Fresh & Easy joins EPA’s Greenchill partnership
El Segundo, Calif. Fresh & Easy Neighborhood Market has joined the U.S. Environmental Protection Agency’s GreenChill Advanced Refrigeration Partnership, voluntarily committing to reduce refrigerant emissions to minimize the impact on climate change and protect the ozone layer.
According to GreenChill, the industry average for refrigerant leakage is 25%. Fresh & Easy’s current leak rate is well under 10% due to advanced refrigeration technologies and the company’s use of a refrigeration system alarm center and leak detection program to actively monitor and respond to refrigerant leaks quickly.
Canadian study: Reusable shopping bags may be unhealthy
Edmonton, Ontario New research funded by the Environment and Plastics Industry Council suggested that while reusable shopping bags may help save the environment, they pose a public health risk.
According to an article in The Calgary Herald, the study, called “A Microbiological Study of Reusable Grocery Bags,” found that the bags contained unacceptably high levels of bacterial, yeast, mold and coliform counts. Some bags contained fecal matter.
“The main risk is food poisoning,” said Richard Summerbell, director of research at Sporometrics, a Toronto-based environmental microbiology laboratory, who evaluated the study results.
The warm, dark, folded interiors of bags exposed to food and liquid spills are breeding grounds for bacteria, yeast, mold and coliforms and can be transferred from bag to bag by supermarket staff, he warned.
Twenty-five reusable bags were tested in March and April — including 23 used bags obtained from shoppers and two bags two and three years old. Four never-used bags were also tested as control samples. Single-use plastic shopping bags were also swabbed.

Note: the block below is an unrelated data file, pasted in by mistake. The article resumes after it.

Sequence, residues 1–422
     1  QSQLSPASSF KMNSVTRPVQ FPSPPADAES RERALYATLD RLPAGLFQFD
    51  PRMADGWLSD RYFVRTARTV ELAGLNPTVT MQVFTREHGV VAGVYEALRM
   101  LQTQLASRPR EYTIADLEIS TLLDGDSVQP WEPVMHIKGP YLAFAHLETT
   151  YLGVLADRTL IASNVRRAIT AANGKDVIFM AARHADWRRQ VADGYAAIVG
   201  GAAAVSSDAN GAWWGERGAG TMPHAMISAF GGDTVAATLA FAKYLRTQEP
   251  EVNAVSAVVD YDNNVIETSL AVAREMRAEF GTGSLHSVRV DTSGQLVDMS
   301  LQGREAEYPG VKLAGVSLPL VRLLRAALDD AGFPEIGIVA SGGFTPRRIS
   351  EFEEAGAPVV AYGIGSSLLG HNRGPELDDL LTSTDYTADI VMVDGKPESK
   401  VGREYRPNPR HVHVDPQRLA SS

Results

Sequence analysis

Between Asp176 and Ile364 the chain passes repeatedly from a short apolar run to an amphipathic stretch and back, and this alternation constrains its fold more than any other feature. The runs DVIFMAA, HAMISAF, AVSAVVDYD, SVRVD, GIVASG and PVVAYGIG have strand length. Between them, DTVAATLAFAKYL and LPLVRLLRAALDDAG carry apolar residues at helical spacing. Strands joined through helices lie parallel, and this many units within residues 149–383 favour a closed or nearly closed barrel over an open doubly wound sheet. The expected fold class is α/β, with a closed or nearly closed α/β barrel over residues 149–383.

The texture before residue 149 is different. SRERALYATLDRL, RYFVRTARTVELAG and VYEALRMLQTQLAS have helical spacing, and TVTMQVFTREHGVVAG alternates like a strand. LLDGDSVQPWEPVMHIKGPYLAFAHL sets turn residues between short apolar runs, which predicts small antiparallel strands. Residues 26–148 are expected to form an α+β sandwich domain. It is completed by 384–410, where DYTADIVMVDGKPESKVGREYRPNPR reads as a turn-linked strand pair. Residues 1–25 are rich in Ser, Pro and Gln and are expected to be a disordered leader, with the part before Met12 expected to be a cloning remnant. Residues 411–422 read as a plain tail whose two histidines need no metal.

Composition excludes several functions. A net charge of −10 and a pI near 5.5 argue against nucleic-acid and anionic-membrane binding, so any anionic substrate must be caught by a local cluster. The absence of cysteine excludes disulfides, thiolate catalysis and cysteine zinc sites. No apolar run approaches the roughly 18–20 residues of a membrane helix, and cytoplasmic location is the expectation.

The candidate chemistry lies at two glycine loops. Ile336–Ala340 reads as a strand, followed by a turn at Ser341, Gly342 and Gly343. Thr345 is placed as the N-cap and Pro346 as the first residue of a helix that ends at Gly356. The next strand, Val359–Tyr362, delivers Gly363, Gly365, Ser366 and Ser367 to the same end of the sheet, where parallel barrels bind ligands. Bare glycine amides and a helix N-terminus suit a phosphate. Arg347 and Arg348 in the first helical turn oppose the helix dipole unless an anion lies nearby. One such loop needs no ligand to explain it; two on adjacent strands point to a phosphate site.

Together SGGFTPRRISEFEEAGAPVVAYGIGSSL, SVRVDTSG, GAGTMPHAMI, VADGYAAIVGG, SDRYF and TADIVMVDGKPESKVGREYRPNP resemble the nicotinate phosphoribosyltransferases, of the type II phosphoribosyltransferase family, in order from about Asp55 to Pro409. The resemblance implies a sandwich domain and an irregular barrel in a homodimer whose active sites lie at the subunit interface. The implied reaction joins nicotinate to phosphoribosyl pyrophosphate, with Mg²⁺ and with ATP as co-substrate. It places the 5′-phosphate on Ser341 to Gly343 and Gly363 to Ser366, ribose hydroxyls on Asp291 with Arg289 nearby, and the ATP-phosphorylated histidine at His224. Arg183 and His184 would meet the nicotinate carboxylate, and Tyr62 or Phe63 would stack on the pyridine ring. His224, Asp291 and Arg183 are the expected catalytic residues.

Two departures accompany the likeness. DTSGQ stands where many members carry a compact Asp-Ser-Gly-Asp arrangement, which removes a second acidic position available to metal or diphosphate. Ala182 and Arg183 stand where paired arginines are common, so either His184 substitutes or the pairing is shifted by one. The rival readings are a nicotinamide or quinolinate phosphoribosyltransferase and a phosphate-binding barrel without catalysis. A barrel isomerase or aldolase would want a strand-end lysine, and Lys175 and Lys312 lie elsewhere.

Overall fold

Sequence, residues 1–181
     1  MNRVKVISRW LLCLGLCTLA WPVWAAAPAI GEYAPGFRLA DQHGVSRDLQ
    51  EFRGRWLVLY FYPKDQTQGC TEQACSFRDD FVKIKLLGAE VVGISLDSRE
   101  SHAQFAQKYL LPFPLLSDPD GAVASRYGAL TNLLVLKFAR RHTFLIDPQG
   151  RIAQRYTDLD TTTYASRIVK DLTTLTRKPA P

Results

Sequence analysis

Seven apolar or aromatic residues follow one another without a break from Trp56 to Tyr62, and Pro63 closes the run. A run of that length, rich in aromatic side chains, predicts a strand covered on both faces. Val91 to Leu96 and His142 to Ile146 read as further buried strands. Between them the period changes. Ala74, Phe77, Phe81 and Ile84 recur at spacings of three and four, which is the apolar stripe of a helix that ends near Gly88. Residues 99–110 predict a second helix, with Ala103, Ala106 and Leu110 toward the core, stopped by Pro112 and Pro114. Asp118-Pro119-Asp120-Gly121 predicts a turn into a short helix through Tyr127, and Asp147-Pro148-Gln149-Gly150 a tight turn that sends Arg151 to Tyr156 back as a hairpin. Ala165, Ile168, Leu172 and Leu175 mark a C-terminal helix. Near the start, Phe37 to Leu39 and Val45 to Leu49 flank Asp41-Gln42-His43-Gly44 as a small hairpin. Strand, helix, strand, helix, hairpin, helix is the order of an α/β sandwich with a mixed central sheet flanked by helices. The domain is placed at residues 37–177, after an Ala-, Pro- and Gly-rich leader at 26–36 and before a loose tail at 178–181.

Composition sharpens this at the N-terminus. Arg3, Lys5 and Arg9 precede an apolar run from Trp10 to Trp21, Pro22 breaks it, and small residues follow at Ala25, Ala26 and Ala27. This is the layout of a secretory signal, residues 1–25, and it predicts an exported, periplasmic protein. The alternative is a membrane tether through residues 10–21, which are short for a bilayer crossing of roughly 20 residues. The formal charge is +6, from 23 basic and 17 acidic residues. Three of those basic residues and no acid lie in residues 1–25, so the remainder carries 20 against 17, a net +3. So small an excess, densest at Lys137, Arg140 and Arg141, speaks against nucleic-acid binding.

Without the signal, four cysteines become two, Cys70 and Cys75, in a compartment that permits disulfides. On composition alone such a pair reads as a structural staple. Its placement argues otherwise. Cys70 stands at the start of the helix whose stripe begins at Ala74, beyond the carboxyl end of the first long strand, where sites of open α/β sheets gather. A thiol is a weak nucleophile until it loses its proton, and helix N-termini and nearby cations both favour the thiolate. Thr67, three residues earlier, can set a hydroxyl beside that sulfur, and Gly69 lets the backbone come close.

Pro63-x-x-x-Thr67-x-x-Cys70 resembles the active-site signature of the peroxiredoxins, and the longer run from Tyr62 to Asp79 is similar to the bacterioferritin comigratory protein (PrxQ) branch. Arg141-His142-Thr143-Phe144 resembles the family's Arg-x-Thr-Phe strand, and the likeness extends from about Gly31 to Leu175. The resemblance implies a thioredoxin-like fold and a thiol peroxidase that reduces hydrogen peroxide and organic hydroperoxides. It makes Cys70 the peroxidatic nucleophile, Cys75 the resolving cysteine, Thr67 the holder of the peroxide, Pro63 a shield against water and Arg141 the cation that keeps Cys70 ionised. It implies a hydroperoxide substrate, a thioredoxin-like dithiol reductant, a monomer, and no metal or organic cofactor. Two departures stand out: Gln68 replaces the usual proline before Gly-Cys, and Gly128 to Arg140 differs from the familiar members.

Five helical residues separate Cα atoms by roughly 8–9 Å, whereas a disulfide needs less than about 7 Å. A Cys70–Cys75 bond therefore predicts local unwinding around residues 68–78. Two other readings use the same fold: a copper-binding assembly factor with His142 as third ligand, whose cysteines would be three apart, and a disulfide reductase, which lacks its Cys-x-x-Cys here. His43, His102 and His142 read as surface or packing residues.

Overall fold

Costco to tap into solar power in N.J.
Hazlet, N.J. Costco will outfit its store in Hazlet, N.J., with a 500-kilowatt air-conditioning system run by solar power.
The chain has selected Solar Power, Roseville, Calif, to design and install the system, which will utilize the company’s new Solyndra panels. In a departure from traditional silicon-based technology, the Solyndra panels feature cylindrical modules that capture sunlight across a 360-degree photovoltaic surface capable of converting direct, indirect, and reflected sunlight from the roof’s surface into electricity. The installation will be the single largest commercial PV solar system to date that incorporates Solyndra panels, according to the supplier.
The system at Costco will utilize 3,300 Solyndra panels and an advanced energy inverter.